Some of these issues could have been avoid­ed with the help of a union. But in the hands of the McMa­hons, the WWE has been vir­u­lent­ly anti-union, quash­ing an ear­ly orga­niz­ing effort by wrestler (and for­mer Min­neso­ta Gov­er­nor) Jesse Ven­tu­ra in the 1980s.

In These Times reached out mul­ti­ple times to the WWE via email to com­ment on the var­i­ous alle­ga­tions against it. No one responded.

Two failed campaigns

McMahon’s two U.S. Sen­ate runs in Con­necti­cut — one in 2010 and again in 2012 — also offer lit­tle reas­sur­ance for workers.

McMa­hon spent an esti­mat­ed $100 mil­lion on her two failed cam­paigns. Dur­ing the course of her cam­paign, it emerged that the McMa­hons, who had gone bank­rupt ear­ly on in their mar­riage — a fact McMa­hon had used to shore up her relata­bil­i­ty to work­ing peo­ple — had nev­er paid back some of their cred­i­tors, despite becom­ing fab­u­lous­ly wealthy lat­er in life. They owed almost $1 mil­lion to 26 cred­i­tors in 1976, or about $3.9 mil­lion in 2012 dol­lars. Under pres­sure dur­ing her sec­ond cam­paign, McMa­hon report­ed­ly said that she and her hus­band would repay pri­vate cred­i­tors involved in their bankruptcy.

In 2010, when asked if the min­i­mum wage should be reduced to help strug­gling small busi­ness­es, McMa­hon replied that we ought to look at all of those issues in terms of what man­dates are being placed on busi­ness­es and can they afford them.” (She lat­er said she had mis­heard the ques­tion and did not sup­port decreas­ing the min­i­mum wage). Upon fur­ther ques­tion­ing, McMa­hon revealed that she didn’t even know what the Con­necti­cut min­i­mum wage was, nor whether employ­ees at the WWE earned it.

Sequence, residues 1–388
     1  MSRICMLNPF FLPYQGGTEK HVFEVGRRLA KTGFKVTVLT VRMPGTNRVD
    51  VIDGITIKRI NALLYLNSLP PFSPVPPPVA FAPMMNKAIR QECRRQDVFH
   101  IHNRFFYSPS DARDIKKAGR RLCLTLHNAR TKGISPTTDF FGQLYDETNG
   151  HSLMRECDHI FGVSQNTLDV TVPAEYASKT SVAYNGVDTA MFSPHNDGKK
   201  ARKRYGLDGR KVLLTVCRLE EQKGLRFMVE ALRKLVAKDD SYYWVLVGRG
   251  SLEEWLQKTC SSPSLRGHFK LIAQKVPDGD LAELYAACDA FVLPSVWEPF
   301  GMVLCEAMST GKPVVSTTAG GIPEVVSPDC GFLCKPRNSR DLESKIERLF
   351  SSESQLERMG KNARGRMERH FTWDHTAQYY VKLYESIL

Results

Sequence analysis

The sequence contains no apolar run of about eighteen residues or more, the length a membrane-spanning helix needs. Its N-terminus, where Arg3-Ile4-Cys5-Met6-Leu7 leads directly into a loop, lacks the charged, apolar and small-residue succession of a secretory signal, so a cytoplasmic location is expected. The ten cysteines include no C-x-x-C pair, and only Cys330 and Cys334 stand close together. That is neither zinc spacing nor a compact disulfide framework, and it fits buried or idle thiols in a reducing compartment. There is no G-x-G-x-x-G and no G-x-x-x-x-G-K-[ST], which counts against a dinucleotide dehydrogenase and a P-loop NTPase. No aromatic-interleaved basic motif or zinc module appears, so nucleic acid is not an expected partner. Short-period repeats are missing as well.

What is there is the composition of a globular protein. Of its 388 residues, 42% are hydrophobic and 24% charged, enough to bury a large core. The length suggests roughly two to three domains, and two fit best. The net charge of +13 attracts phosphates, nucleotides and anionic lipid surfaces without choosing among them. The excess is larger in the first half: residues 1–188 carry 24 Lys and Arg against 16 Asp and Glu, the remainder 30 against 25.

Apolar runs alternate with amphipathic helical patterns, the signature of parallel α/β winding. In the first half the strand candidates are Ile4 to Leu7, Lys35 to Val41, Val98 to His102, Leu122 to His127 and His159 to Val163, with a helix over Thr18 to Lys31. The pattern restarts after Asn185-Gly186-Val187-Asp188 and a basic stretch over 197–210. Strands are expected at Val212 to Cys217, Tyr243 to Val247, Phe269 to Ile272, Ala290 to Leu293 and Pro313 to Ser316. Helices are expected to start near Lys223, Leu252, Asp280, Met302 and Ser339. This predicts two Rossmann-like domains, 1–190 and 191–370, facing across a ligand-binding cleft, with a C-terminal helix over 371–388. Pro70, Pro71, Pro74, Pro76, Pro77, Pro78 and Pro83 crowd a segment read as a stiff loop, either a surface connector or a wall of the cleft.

McMahon’s final cam­paign closed out with accu­sa­tions by some of her campaign’s for­mer part-time work­ers that she had failed to pay them after the elec­tion was over. The checks the cam­paign sub­se­quent­ly sent the work­ers fol­low­ing their com­plaints bounced, which the cam­paign claimed was a mis­take. How­ev­er, anoth­er work­er was hand­ed an enve­lope with a check (that even­tu­al­ly bounced) and a con­dom inside it, and told he was screwed” after talk­ing to a news station.

All of this, cou­pled with McMahon’s inex­pe­ri­ence in the pub­lic sec­tor, doesn’t bode well for the future work­ers of small busi­ness­es in Amer­i­ca. Since 1953, the SBA’s mis­sion has been to pre­serve free com­pet­i­tive enter­prise and to main­tain and strength­en the over­all econ­o­my of our nation.”

But McMahon’s his­to­ry — run­ning a near monop­oly that has been accused for decades of dis­re­gard­ing its employ­ees’ health, safe­ty and fair treat­ment — risks turn­ing its mis­sion into one that sac­ri­fices work­ers for profits.

Branko Marcetic is a staff writer at Jacobin mag­a­zine and a 2019 – 2020 Leonard C. Good­man Insti­tute for Inves­tiga­tive Report­ing fel­low. He is work­ing on a forth­com­ing book about Joe Biden.